Becket — I really don’t think there is any such thing as objectivity. Therefore, this column is called observation/opinions rather then a review. My opinion is informed by five decades of dancing and watching dance but that does not make it more valid then anybody else’s.
I express my observations in the hope that they will shed more light on the things I am discussing and perhaps offer the reader a new path to seeing, appreciating and enjoying dance.
This season at Jacob’s Pillow started off with some dynamic choices. It began with the Gala, which was a spectacle on its own, and all who attended raved about it. (I had the “Berkshire Flu” and could not stop coughing, so I stayed away.)
The first performance I attended was by an artist, Jonah Bokaer, who works collaboratively between his musical and visual partners as well as the Pillow’s new director, Pamela Tatge. “Pamela chose to engage so thoughtfully with my work, as to conceive of a new programmatic combination,” he said. The result was a most satisfying evening.
Jonah is a choreographer who is in total control of his work. It is carefully crafted, subtle, and innovative with moments of sly humor. It is gracious, full-bodied, seemingly effortless and without affectation thanks to his wonderful dancers. It is also harmoniously attuned to both the sound scape and the visual elements.
The first piece, Occupant, inspired by the American playwright Edward Albee, is a collaboration of artists that includes: scenographer Daniel Arsham, dramaturge Gavin Kroeber, composer Ryoji Ikeda, sound designer Jesse Stiles, vocals by Jonah Bokaer and Valda Setterfield, and costumes by The Fabric Workshop and Museum. The result is a minimalist but richly evocative work of art.
The second piece is “a study” for Occupant, a solo danced by Jonah. Here, the viewer gets a glimpse into the fundamentals of the full dance and has the pleasure of seeing a stunningly beautiful dancer. I cannot end this without saying, as a dancer myself, that he has the most beautiful and articulate feet I have ever seen.
The third and final piece, Rules of the Game, has a score by Pharrell Williams, which is unlike his usual pop-infused singles. It does not scream or stand out on its own but joins the choreography seamlessly. The dance is inspired by a play by Pirandello, although familiarity with the play is not necessary to appreciate the dance.
Week three brought us Tireless: A Tap Dance Experience curated by Michelle Dorrance. What can I say about Tireless…it was exhausting and exhilarating (no pun intended). Michelle Dorrance is an exceptional talent. She is not only a tap virtuoso but one of the most intelligent, insightful people working in the field. Her introduction to the extraordinary performers on the program gave us insight into the evolution of the genre and offered me and the audience a new way to look at the field.
The first and last piece showcased remarkable performers, astounding us with their musicality and virtuosity. They took my breath away. The second work on the program was Aun a solo improvisation by dancer Reona Sea and musician Takashi Sea. Their work is unlike tap I had ever imagined. It is spare and terse. Dorrance observes, “There is something about the bass that is so different from what we usually hear. The performance spans from abstract narrative to musical ideas ‘and’ and becomes the score.”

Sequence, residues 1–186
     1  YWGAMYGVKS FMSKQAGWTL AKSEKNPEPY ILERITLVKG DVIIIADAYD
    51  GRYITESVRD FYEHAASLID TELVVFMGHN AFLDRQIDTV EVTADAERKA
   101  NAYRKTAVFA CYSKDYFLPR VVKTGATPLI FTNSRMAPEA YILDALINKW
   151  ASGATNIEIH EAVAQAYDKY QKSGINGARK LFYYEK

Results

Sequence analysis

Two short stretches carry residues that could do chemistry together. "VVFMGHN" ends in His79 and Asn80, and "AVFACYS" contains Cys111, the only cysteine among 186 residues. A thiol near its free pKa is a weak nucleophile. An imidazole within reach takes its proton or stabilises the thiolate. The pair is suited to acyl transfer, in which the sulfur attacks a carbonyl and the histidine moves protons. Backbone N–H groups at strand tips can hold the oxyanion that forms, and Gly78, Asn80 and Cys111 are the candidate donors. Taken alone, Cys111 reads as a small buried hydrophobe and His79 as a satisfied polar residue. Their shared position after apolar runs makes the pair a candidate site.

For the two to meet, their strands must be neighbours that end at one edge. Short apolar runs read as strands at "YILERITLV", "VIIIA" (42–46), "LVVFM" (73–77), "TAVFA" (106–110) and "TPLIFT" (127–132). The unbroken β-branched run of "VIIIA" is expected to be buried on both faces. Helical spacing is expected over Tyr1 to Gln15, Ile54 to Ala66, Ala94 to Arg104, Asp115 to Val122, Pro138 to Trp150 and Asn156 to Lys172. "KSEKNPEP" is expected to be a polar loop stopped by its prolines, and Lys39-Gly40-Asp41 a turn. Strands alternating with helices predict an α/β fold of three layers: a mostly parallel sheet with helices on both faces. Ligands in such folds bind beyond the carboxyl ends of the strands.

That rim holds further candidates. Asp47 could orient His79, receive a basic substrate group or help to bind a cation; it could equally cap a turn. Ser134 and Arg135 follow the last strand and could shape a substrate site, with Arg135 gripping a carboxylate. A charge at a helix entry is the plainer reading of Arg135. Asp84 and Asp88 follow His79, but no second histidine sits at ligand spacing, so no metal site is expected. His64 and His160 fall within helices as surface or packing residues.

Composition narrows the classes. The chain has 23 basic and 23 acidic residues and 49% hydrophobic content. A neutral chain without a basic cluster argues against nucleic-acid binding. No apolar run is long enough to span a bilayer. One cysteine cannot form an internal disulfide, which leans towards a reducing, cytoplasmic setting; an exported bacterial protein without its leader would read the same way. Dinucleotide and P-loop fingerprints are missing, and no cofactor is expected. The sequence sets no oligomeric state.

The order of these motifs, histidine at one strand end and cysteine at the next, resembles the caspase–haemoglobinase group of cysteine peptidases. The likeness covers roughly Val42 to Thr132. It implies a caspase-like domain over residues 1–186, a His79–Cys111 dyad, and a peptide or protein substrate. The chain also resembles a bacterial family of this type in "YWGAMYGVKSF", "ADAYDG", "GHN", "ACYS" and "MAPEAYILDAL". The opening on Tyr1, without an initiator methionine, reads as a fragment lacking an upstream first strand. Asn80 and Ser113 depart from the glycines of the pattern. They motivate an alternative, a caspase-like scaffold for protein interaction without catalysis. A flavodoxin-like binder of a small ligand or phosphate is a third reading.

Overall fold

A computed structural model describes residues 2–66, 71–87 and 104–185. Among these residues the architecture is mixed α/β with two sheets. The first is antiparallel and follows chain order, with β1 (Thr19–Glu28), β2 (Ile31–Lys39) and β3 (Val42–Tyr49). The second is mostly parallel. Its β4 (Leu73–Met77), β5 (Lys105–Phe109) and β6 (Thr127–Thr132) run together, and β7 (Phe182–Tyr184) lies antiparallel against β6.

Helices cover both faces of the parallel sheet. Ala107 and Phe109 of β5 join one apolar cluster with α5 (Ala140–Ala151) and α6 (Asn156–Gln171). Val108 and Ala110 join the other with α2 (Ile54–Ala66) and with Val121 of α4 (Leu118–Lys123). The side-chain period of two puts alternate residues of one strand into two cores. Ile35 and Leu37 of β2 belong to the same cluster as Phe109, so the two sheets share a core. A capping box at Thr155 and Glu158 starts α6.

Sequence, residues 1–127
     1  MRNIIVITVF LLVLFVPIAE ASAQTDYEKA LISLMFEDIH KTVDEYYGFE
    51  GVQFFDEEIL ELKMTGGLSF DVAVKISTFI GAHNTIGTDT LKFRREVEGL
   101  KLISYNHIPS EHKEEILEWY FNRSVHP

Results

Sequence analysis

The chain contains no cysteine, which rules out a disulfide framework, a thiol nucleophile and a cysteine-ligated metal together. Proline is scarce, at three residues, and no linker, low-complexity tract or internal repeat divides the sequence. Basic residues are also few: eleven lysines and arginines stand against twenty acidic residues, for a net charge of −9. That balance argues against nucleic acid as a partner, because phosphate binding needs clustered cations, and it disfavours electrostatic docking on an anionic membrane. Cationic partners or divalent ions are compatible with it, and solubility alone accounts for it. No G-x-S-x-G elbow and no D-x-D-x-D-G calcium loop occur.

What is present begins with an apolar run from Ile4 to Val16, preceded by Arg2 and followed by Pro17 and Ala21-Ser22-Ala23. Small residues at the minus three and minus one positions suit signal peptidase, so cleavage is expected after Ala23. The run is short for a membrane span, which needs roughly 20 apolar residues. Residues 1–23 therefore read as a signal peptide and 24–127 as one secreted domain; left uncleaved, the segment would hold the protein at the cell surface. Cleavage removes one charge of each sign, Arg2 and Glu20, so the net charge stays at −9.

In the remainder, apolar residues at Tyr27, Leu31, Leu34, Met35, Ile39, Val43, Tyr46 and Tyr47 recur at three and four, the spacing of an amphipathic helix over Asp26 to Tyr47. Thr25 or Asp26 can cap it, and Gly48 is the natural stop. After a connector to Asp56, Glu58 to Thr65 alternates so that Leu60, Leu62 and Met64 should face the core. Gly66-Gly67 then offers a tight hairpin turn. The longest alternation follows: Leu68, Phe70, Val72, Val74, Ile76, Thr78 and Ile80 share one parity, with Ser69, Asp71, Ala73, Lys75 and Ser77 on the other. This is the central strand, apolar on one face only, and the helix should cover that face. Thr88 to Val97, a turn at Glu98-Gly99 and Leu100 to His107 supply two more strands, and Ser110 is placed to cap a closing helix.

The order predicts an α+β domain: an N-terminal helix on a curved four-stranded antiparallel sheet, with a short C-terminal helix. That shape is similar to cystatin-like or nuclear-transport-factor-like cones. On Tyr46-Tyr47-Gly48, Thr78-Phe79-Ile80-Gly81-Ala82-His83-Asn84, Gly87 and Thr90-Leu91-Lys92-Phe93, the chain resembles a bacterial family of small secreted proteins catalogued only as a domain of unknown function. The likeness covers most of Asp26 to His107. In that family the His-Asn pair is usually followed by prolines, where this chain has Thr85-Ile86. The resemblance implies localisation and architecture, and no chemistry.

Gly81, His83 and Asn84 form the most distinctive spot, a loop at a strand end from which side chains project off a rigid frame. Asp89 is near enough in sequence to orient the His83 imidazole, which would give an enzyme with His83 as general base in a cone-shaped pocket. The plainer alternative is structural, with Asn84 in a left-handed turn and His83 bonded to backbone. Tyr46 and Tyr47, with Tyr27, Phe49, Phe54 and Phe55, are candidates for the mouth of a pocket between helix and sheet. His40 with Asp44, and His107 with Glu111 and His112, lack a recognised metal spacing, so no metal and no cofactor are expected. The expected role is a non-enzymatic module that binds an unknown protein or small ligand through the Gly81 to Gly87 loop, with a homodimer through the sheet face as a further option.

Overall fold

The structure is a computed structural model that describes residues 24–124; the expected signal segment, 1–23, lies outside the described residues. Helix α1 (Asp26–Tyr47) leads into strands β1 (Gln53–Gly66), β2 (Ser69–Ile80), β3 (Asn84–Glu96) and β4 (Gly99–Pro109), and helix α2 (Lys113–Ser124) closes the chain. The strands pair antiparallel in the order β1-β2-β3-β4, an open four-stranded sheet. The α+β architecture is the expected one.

I am grateful for Michelle’s vision, to Ella Baff for introducing her and supporting her at the Pillow, and to Pamela Tatge for inviting her back again to create this presentation.
I was sorry to have missed NW Dance Project during week four, especially because the evening featured “cutting edge work” by choreographers that I was not familiar with — always a draw for me.
Week three was thrilling. I have never seen anything like the piece offered by Faye Driscoll. Again, kudos to Tatge for having the guts to offer this challenging work. Driscoll used the space in the Doris Duke Theatre as it has never been used before. The stage was initially in the center of the space with the audience sitting on the floor or standing around it. The space morphed as the piece progressed in ways that gently prodded the audience to help shape the space. The performers were skilled movers and fantastic actors. Humor in dance is not easy to achieve but during the performance I either had a smile on my face or was laughing out loud.
The dancers in Jessica Lang’s company are devine. Lang has developed a clean, clear, unmannered exceptionally brilliant group of dancers. Each one is soloist material yet they can become a flawless ensemble. As Brian Schaefer points out in his Pillownotes that accompany the house program, “Lang is polished and playful, unafraid of risk but also unafraid to please. I would suggest this as a great introduction to anyone who has any hesitation or fear of ‘not getting it’.”
Each week offers an exceptional balance. The Duke offers, wonderful new visions. In the Ted Shawn more accessible work: tap, ballet and mainstream modern. This week is no different with the venerable Paul Taylor Dance Company. Throughout the years, he has given much to think about, many wonderful works and introduced us to generations of awesome dancers.
It will be a trip down memory lane for me with the expectation of seeing new work by Taylor. While in the Duke I look forward to a dancer and company I have never seen, Roy Assaf Dance.